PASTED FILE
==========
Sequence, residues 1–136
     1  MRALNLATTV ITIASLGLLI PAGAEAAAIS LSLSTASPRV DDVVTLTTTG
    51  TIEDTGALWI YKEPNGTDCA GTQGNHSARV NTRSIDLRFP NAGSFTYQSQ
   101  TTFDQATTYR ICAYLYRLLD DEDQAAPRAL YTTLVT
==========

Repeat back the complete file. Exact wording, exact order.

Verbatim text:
Sequence, residues 1–136
     1  MRALNLATTV ITIASLGLLI PAGAEAAAIS LSLSTASPRV DDVVTLTTTG
    51  TIEDTGALWI YKEPNGTDCA GTQGNHSARV NTRSIDLRFP NAGSFTYQSQ
   101  TTFDQATTYR ICAYLYRLLD DEDQAAPRAL YTTLVT